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Tuesday, April 17, 2012

Alrighty, Time To Wade Through It

With today's releases, I think I now have enough data to take a stab at guessing at possible paces for the rest of the year, assuming that nothing huge happens. It's a lot of work and will take a while.

New Home construction wasn't as bad as it looked - it's really the seasonal adjustments. It looks like +12 - 12% for the year. That wouldn't be bad, except that other forms of construction are tailing off.

Industrial Production is at 0% for the second month. There was a late 2012 surge that carried over to January - it looks like auto production is near to peak. Non-energy Ex-MV was -0.4% in March, which is less encouraging. The recent gains are strong enough so that the quarterly net is good. Utilities YoY are now down only 4.6%, and there was a gain in March.

Motor vehicle production should continue to be pretty strong over the next quarter, but while auto production may increase, we have probably peaked on trucks, and I expect the net to weaken somewhat on heavy trucks next quarter.

India is cutting interest rates. Their central bank is most doleful over their fiscal problems, focusing on their current-account deficit. Also RBI warned that there was a limit on rate cuts due to the inflation problem, and begged for an increase in energy prices:
In the budget on March 16, the administration announced record borrowing needs to plug a fiscal shortfall estimated at 5.1 percent of gross domestic product in 2012-2013. The current- account deficit reached $19.6 billion in the three months through December, the worst quarterly performance on record.

“From the perspective of vulnerabilities emerging from the fiscal and current account deficits, it is imperative for macroeconomic stability that administered prices of petroleum products are increased to reflect their true cost of production,” the Reserve Bank said.
They appear to be trying to give the government room to hike energy prices. Europe is in a nice stagflationary recession with CPI at 2.7%, right where it has been for months. The core rate accelerated to 1.6%.

The Australians will probably be cutting soon. That economy is so deeply tied to China that you have to expect growth to drop, and household indebtedness has been putting pressure on consumer spending.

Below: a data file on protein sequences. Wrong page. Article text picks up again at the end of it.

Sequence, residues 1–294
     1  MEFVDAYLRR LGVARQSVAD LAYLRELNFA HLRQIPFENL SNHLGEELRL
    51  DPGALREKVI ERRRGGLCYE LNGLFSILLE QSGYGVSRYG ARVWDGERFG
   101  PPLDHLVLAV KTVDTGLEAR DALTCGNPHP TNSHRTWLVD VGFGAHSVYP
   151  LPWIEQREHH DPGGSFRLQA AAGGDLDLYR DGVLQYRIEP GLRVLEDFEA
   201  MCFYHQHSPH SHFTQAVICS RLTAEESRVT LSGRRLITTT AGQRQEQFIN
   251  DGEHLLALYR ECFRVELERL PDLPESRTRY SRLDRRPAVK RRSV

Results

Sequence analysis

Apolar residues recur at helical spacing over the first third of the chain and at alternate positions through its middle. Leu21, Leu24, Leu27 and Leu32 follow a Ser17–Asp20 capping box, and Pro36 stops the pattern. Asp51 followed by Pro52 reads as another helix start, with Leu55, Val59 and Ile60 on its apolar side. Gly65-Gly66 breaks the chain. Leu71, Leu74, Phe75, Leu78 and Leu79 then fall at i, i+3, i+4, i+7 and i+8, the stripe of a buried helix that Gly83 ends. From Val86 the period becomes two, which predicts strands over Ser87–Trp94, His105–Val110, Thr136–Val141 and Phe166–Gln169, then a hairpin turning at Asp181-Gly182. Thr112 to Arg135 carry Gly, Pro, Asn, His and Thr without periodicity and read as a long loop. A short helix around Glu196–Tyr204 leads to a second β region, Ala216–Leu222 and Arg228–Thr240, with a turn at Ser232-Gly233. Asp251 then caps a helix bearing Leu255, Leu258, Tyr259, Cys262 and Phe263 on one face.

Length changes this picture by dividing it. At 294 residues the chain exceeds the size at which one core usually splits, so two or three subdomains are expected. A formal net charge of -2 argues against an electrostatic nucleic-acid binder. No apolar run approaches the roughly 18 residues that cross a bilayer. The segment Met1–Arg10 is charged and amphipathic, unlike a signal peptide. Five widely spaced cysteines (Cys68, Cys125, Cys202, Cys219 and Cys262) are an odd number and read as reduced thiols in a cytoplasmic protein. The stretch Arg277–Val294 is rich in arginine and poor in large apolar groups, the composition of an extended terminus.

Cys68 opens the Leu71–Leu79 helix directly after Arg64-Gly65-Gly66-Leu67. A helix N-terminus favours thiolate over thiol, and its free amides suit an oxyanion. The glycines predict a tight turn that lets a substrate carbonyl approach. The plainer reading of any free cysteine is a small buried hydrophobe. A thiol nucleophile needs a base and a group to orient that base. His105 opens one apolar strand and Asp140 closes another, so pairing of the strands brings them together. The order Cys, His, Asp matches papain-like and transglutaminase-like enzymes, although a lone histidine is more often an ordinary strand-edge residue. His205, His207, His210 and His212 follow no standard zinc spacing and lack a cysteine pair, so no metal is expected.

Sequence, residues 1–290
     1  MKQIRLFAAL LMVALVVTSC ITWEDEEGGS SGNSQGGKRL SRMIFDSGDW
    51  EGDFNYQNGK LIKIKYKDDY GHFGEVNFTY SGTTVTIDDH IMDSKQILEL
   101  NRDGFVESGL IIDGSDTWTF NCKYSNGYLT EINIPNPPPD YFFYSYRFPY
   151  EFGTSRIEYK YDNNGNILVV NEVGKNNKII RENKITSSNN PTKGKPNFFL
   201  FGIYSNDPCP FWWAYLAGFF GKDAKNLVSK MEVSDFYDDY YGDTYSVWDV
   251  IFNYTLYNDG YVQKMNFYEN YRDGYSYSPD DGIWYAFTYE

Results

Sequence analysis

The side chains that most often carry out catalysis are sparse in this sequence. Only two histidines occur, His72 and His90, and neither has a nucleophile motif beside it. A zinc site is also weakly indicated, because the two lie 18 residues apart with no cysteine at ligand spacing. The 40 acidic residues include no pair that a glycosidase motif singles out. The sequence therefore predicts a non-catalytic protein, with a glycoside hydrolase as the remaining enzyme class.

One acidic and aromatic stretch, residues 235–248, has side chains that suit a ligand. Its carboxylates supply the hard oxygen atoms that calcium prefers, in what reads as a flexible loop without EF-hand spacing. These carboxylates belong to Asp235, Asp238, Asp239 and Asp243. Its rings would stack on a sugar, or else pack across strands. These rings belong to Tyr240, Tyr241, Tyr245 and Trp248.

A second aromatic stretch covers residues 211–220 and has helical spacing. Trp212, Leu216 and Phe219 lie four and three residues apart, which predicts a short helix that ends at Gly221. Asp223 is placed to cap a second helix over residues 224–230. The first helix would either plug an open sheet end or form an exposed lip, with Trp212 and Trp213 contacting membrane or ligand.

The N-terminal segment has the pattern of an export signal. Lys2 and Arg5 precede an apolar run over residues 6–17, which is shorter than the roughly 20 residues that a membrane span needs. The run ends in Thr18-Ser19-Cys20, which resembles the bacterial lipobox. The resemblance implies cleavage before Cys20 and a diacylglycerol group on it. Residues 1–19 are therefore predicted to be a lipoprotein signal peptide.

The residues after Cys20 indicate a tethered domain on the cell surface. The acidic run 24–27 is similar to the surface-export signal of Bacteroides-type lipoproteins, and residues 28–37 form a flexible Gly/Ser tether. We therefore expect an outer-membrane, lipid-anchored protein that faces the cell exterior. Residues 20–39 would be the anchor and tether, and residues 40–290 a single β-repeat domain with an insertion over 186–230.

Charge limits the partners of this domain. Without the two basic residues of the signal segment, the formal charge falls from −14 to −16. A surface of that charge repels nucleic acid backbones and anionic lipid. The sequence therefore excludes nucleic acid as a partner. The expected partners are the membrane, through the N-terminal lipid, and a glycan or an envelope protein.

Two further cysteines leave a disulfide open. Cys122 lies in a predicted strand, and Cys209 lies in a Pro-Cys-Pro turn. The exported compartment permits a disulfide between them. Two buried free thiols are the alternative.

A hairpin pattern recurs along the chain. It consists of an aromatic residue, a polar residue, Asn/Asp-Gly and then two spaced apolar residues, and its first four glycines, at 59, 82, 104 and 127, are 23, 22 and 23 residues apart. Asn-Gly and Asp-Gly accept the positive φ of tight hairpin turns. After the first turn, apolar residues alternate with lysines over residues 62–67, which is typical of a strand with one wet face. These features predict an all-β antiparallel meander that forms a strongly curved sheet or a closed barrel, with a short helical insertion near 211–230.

Spain did fine at its auction today, but it paid high yields to move the debt. Right now the shorter-term stuff can move, of course, because there are still hundreds of billions of Euros left from the ECB Euro toss unplaced. So there are buyers for the shorter maturities at high yields. 2.6% for a year is an attractive rate, and what risk can there really be?

There's an Argentine-Spanish fracas developing over the announced seizure of Repsol's YPF unit. It is difficult to attract foreign investment when you seize the assets of foreign countries, and under the circs, this is going to be a very hot issue in Spain.

Since Argentina can't get the capital to develop the resources, look for China to try to move in, but if and when it does, it will probably move in troops. Is Fernandez is trying to reproduce the Venezuelan economic miracle? Mexico is also fried, because it owns a chunk of Repsol's unit.

They have over 20% inflation in Argentina, although the government statistics do not show it. To understand why foreign investment has been dropping so much, one must read stories like this. When the government resorts to threatening independent economists, the atmosphere is not friendly to business:
The government has gone to extraordinary lengths, involving fines and threats of prosecution, to try to stop independent economists from publishing accurate inflation numbers. The American Statistical Association has protested at the political persecution faced by its Argentine colleagues, and is urging the United Nations to act, on the ground that the harassment is a violation of the right to freedom of expression.